Glenville planning water meter upgrades

Change will allow for more efficient reading, billing
Joe Tassone of Glenville checks the water meter in his basement in March 2016.
Joe Tassone of Glenville checks the water meter in his basement in March 2016.

The town will be spending about $1.8 million to modernize the residential and commercial water meters throughout town, a move town officials said will make the calculation of water bills more accurate and efficient.

The meters being installed in about 5,500 homes and businesses can be read automatically from a vehicle driving down the street, similar to the way National Grid reads electric meters. The village of Scotia and town of Niskayuna also use remote reading systems.

“This will take what is now a three-month process and turn it into a three-day process,” said Town Supervisor Chris Koetzle.

The Town Board recently awarded two contracts totaling $1.78 million for the meters and their installation. Last week the Town Board voted to borrow $950,000, with the remainder of the project cost coming from a capital reserve account. The purchase includes both the meters and the computer software needed to read them.

The entire cost will be borne by water district customers. Koetzle said the project will add about $10 per year to each water bill, some of which will be offset through lower postage costs and the more-efficient use of staff once the billing system changes.

Currently, the town mails out a card and asks residents to read their meter and return the card to Town Hall.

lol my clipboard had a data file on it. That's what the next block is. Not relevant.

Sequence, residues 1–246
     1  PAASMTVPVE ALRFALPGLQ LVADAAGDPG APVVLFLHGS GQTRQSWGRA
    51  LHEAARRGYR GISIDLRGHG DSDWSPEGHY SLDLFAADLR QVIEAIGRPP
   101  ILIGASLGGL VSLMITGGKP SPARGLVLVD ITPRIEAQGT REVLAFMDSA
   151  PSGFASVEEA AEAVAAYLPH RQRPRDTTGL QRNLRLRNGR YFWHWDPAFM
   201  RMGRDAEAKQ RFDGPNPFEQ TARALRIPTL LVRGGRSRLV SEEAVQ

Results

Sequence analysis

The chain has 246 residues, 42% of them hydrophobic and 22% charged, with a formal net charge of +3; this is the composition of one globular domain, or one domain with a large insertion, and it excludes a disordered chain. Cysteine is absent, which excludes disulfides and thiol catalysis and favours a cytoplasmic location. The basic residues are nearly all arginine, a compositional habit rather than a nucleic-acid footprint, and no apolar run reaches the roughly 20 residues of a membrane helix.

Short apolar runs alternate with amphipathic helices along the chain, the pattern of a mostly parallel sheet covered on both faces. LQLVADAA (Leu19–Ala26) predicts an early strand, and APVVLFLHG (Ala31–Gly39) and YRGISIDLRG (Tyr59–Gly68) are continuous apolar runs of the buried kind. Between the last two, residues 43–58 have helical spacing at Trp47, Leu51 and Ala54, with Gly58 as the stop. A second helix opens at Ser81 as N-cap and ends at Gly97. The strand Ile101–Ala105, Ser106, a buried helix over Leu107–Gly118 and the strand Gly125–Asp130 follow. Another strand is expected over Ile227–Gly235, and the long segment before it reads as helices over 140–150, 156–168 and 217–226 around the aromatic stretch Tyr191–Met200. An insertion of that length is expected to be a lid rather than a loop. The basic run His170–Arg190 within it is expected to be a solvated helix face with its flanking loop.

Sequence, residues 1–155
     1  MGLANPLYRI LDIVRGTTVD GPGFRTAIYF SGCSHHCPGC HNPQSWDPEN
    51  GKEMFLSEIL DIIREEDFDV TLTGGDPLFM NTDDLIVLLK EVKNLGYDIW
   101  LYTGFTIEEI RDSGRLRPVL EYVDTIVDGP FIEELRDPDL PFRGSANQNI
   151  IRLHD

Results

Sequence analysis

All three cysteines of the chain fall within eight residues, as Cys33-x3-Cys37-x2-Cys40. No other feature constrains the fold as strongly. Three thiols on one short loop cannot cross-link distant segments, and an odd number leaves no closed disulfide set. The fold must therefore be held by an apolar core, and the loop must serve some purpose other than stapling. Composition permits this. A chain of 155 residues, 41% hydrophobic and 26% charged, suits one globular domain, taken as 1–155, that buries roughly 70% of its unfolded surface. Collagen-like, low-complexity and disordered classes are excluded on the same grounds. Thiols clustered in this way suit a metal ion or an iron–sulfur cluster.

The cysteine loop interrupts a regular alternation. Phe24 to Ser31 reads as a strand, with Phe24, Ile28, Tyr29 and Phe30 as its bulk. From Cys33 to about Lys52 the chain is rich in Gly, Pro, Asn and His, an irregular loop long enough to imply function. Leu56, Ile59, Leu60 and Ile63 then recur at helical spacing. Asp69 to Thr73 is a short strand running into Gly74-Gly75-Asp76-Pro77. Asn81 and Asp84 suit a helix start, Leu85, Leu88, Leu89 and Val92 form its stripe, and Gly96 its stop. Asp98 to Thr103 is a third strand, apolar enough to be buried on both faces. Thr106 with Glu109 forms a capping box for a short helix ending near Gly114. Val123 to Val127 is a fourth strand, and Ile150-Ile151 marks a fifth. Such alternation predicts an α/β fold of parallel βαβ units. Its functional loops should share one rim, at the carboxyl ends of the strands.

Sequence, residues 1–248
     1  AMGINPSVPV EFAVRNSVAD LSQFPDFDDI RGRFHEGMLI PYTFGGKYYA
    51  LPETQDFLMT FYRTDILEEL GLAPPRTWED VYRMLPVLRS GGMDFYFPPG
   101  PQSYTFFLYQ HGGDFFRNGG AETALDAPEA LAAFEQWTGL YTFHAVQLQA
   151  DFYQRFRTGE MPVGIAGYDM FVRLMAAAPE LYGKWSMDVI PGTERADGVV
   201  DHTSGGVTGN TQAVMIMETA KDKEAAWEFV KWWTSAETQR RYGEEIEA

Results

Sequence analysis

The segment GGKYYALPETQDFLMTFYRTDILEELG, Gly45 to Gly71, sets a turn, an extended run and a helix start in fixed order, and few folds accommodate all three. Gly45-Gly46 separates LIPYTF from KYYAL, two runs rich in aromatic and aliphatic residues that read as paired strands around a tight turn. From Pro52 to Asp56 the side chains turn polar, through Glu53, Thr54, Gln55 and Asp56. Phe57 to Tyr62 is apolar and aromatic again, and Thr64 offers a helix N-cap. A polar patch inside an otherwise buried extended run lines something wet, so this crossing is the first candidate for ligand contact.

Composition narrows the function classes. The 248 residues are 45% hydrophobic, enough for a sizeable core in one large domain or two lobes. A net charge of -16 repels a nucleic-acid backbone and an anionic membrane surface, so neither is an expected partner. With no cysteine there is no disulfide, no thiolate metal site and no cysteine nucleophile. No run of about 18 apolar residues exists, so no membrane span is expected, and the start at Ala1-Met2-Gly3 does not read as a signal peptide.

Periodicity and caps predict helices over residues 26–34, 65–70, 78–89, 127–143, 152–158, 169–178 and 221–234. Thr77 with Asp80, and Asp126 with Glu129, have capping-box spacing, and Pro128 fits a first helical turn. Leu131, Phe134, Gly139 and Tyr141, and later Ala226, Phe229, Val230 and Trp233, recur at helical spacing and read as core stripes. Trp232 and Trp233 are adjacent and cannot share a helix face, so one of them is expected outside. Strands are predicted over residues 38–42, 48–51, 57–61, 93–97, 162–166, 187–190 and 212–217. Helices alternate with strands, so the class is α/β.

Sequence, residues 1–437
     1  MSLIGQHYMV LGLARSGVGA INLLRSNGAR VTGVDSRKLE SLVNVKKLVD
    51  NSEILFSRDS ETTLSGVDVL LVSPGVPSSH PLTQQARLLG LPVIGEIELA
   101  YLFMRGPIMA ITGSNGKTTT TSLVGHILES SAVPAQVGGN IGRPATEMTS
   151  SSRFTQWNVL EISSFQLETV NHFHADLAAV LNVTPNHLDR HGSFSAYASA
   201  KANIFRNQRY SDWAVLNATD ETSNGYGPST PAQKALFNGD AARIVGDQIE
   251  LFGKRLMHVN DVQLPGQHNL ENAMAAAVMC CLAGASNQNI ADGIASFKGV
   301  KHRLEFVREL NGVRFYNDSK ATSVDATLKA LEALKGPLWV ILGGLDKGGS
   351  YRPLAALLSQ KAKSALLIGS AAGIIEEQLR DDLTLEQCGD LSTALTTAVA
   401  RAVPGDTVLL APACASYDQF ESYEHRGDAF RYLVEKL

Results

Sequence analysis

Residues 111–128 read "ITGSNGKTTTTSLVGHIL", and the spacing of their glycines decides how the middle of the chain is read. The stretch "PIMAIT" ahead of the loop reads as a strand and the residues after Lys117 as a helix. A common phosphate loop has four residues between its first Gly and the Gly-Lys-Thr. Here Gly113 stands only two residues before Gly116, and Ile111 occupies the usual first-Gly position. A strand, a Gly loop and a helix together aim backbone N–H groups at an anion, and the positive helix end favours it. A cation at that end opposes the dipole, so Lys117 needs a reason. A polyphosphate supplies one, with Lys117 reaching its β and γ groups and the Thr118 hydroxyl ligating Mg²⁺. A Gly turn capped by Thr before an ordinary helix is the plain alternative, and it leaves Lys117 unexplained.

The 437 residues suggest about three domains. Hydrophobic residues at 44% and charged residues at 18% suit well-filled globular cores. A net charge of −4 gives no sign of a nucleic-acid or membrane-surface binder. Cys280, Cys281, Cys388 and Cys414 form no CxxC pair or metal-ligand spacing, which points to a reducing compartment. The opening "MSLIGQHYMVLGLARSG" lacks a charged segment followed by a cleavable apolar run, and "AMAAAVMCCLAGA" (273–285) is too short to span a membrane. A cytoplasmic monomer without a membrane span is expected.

“It’s an arduous process,”  Koetzle said. “We send out the cards to residents, we ask the residents to read the cards, sometimes they’re read incorrectly, and we have non-reads where people don’t send the cards back. This will eliminate that problem.”

Once the cards are returned, the town calculates each bill and then sends the customer a bill.

The water district bills people annually. The water budget totals around $1.8 million, but Koetzle said there are typically $300,000 to $400,000 in adjustments required during the process, due to incorrect meter readings, erroneous bill calculations and other issues.

The installation process will require a contractor to enter each dwelling or business to replace the meter. Koetzle said the timetable will depend on getting access to properties, but the town is “very hopeful” that the 2018 billing will use the new system.

Reach Gazette reporter Stephen Williams at 395-3086, [email protected] or @gazettesteve on Twitter.

Categories: News, Schenectady County

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